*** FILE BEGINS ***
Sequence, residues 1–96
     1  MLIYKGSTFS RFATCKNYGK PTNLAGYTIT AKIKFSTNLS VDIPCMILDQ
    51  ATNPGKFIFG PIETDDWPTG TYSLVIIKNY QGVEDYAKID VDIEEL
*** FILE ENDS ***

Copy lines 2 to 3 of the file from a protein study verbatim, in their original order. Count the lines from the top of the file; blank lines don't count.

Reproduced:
     1  MLIYKGSTFS RFATCKNYGK PTNLAGYTIT AKIKFSTNLS VDIPCMILDQ
    51  ATNPGKFIFG PIETDDWPTG TYSLVIIKNY QGVEDYAKID VDIEEL